A specially called Chatham County Schools Board of Education meeting on Thursday began with a 15-parent protest to make masks optional and ended with a 4-0 vote to require universal indoor masking on all campuses.
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PITTSBORO — A specially called Chatham County Schools Board of Education meeting on Thursday began with a 15-parent protest to make masks optional and ended with a 4-0 vote to require universal indoor masking on all campuses, as recommended by administration.
Masking in outdoor spaces will be optional, the district said. Classes at CCS begin Aug. 23.
“We can’t give them normal, but our goal is to give them at least a routine,” Superintendent Anthony Jackson said at the beginning of the meeting regarding the administration’s recommendations. “Just by masking we can go to some level of normalization … or at least a routine that’s predictable.”
As a part of the same motion, the board voted for schools to operate on an in-person, 5-day week schedule in the fall and to continue working with the Chatham County Public Health Dept. to publicize and offer vaccination clinics for any unvaccinated people. Board members Gary Leonard, Del Turner and David Hamm attended the meeting in person, while Melissa Hlavac joined in by phone; Board member Jane Allen Wilson could not attend. Hamm began the meeting by calling in, but was present for the majority of the meeting in-person, including the vote.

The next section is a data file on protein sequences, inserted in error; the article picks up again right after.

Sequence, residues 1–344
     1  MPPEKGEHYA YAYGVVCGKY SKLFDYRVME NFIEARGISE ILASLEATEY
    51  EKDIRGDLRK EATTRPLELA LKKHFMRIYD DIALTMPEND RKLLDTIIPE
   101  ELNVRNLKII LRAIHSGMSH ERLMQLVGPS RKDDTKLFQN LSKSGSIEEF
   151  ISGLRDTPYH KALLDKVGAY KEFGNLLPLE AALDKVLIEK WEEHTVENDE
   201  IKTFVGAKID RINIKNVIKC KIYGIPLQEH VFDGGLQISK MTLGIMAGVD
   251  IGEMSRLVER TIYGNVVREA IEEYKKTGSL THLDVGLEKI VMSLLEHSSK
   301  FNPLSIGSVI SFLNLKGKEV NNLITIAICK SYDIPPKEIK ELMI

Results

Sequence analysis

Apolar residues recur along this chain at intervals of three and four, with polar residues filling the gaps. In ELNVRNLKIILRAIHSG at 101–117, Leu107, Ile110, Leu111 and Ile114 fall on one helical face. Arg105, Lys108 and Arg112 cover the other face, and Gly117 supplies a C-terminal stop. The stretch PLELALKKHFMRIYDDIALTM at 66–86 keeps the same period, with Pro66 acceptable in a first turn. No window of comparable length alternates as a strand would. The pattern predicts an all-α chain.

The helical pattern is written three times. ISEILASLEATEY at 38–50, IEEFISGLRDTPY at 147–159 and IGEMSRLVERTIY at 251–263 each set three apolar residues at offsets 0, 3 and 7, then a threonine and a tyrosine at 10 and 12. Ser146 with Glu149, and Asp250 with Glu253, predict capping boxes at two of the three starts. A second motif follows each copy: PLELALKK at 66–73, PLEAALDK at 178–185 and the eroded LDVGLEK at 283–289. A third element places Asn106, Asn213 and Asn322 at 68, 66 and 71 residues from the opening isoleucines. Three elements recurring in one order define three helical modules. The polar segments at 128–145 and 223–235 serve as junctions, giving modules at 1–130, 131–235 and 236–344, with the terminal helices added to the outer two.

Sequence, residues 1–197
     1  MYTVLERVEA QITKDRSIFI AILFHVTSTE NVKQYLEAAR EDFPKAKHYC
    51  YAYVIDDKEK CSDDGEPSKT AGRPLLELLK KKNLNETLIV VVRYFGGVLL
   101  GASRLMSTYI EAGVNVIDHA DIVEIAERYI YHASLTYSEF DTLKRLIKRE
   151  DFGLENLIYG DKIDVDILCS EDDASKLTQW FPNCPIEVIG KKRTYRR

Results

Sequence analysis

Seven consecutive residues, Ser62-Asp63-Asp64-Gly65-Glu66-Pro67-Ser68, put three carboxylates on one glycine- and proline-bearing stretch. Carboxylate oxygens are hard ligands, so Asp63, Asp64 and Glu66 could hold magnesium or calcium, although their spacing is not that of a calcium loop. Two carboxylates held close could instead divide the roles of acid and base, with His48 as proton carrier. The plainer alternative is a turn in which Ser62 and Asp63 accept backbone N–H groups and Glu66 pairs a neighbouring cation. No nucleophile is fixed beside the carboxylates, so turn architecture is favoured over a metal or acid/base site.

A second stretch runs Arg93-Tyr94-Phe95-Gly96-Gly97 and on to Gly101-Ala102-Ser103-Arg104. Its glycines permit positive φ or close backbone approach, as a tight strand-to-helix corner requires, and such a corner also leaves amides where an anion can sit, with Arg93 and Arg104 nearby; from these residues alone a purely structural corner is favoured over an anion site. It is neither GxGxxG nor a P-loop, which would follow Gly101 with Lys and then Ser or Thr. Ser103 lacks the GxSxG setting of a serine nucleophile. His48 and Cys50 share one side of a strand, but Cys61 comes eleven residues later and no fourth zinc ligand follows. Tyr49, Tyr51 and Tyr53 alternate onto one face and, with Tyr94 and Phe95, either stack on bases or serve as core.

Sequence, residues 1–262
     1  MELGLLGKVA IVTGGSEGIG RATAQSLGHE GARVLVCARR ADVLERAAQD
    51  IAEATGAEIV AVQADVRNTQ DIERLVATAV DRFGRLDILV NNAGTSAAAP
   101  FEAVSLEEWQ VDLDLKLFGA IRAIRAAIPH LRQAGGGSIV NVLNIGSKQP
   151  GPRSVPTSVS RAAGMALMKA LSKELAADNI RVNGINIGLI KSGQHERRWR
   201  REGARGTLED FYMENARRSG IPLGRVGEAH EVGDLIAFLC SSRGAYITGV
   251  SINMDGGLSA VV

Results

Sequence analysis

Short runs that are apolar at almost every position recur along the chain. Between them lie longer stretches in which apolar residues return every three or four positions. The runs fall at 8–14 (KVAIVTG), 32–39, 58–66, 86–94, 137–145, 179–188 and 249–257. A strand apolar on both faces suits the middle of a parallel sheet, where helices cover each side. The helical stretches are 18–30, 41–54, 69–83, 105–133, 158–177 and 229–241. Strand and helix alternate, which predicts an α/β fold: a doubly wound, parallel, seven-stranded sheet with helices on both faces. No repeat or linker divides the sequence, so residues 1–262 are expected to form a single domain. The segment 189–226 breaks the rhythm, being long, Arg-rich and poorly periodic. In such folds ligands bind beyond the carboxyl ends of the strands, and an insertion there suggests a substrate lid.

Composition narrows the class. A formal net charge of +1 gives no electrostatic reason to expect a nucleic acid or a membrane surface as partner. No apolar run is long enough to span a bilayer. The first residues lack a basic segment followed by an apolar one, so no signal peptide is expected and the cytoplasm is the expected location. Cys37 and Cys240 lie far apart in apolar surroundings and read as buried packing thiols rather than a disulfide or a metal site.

“In early summer, case trends were trending in the right direction,” CCPHD Director Mike Zelek said to start the meeting.
Now, Zelek said, cases in Chatham — reflecting trends across the state — have seen an uptick amid the spread of the more contagious Delta variant, with about 9.5% of tests in the county coming back positive. Following national and state guidance for universal masking in schools, Zelek said he reiterated that masking recommendation.
“All of us align in our recommendation for universal masking across all grades,” Zelek said. “If we do that, we’ll have lower risk of transmission and lower risk of quarantine, allowing our in-school classes to function — I believe masking is a key part of that.”
Under the new state guidance, if a student tests positive for COVID-19 but was masked, schools will not have to enforce a two-week quarantine period for students potentially exposed to that student — so long as those students were also masked.
Assistant Superintendent for Operations Chris Blice said the main difference in that updated guidance is that local school districts are responsible for implementing and requiring recommended protocols, not the state.
“But in doing so, their focus is that we work with the experts,” Blice said, adding that the district had done that, by partnering with CCPHD and research group ABC Science Collaborative. “The toolkit is very clear: it very strongly recommends universal masking, K-12.”
The board also voted to extend the district’s enrollment period for K-12 virtual academies through Aug. 8, as directed by administration. The K-8 academy previously closed July 30; the high school academy closed June 15.
Called Monday evening, Thursday’s meeting follows Gov. Roy Cooper’s July 29 announcement last week that the state had updated its K-12 StrongSchoolsNC Public Health Toolkit to reflect the CDC’s July 27 guidance, which urges schools to require universal masking, regardless of vaccination status.